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WHY THIS MATTERS IN BRIEF

Laser weapons were once relegated to science fiction movies but soon they’ll come of age.

 

A press briefing in the Netherlands earlier this week for the F-35 has restarted the rumour mill that the F-35 will be one of the first US military platforms to feature laser based weapons technology, and that, as I reported a while ago, it could happen as soon as 2020.

 

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Along with rail guns, over the past few years the US and its allies have allocated hundreds of millions of dollars for directed energy weapon research and development, and it’s been clear for a couple of years now, especially with the emergence of new drone threats and “unstoppable” intelligent hypersonic missiles and “carrier killer” systems from the likes of China and Russia, that the USAF had the intention all along to one day strap lasers onto pretty much everything it can lay its hands on, from forward operating bases and Stryker armoured vehicles, to aircraft, drones and destroyers like the 600ft USN Zumwalt. And they aren’t alone, the UK also recently announced its interest in developing its own directed energy based defence system, similar to Phalanx, for its warships.

Last year, for example, Lockheed Martin tested out several new laser systems, and recently they used a system called ATHENA to blow several drones out of the sky, and late last year they, and General Atomics, announced that direct energy weapons were “ready for prime time”.

 

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“We’re looking at concepts for the integration of a laser weapon onto the F-35. We’re also looking at the utility and doing models and calculations so you would understand the utility of a leaser weapon system in the F-35.”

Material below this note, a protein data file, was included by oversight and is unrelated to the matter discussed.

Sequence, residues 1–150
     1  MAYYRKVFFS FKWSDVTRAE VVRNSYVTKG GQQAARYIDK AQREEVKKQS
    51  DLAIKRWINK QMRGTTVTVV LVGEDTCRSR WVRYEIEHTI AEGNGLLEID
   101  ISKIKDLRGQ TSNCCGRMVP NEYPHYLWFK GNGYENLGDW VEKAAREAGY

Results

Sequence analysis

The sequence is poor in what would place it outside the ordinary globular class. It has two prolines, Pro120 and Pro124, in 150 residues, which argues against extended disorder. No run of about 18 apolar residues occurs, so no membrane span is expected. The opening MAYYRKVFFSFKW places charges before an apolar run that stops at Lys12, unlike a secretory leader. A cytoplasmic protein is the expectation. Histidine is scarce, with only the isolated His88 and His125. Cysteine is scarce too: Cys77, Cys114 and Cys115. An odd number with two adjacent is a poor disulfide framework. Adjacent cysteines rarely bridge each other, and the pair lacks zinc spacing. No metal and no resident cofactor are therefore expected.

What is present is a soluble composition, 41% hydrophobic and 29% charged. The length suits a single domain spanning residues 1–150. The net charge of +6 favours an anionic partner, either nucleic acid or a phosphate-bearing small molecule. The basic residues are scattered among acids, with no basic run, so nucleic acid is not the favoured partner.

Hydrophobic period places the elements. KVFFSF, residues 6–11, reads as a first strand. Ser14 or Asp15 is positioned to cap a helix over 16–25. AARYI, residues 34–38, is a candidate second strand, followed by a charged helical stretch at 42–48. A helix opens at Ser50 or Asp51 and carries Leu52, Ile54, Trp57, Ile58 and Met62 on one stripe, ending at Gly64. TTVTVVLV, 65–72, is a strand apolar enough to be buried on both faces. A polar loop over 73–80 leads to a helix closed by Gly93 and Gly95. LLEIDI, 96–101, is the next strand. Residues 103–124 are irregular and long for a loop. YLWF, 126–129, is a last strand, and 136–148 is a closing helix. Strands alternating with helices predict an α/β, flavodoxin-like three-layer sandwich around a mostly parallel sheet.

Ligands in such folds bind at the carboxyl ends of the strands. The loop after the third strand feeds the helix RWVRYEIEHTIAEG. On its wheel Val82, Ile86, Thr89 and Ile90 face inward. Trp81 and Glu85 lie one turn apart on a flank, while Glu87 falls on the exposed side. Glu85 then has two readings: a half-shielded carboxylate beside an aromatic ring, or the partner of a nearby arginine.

Meanwhile General Ellen Pawlikowski, commander of Air Force Materiel Command, said recently that the USAF is continuing efforts to field directed energy weapons:

“I think we’re on the cusp of actually being able to field a true laser weapon within the next five to six years. We’ve got an activity that’s going forward, to put a laser on a fighter aircraft, not to blow up scud missiles or to win in a dogfight, but as an air defence.”

 

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So while rumours and speculation are rife about the size and timing of these new systems one thing we know for sure is that it’s a matter of when and not if these systems emerge onto the battlefield.

About author

Matthew Griffin

Matthew Griffin, described as “The Adviser behind the Advisers” and a “Young Kurzweil,” is the founder and CEO of the World Futures Forum and the 311 Institute, a global Futures and Deep Futures consultancy working between the dates of 2020 to 2070, and is an award winning futurist, and author of “Codex of the Future” series. Regularly featured in the global media, including AP, BBC, CNBC, Discovery, RT, and Viacom, Matthew’s ability to identify, track, and explain the impacts of hundreds of revolutionary emerging technologies on global culture, industry and society, is unparalleled. Recognised for the past six years as one of the world’s foremost futurists, innovation and strategy experts Matthew is an international speaker who helps governments, investors, multi-nationals and regulators around the world envision, build and lead an inclusive, sustainable future. A rare talent Matthew’s recent work includes mentoring Lunar XPrize teams, re-envisioning global education and training with the G20, and helping the world’s largest organisations envision and ideate the future of their products and services, industries, and countries. Matthew's clients include three Prime Ministers and several governments, including the G7, Accenture, Bain & Co, BCG, Credit Suisse, Dell EMC, Dentons, Deloitte, E&Y, GEMS, Huawei, JPMorgan Chase, KPMG, Lego, McKinsey, PWC, Qualcomm, SAP, Samsung, Sopra Steria, T-Mobile, and many more.

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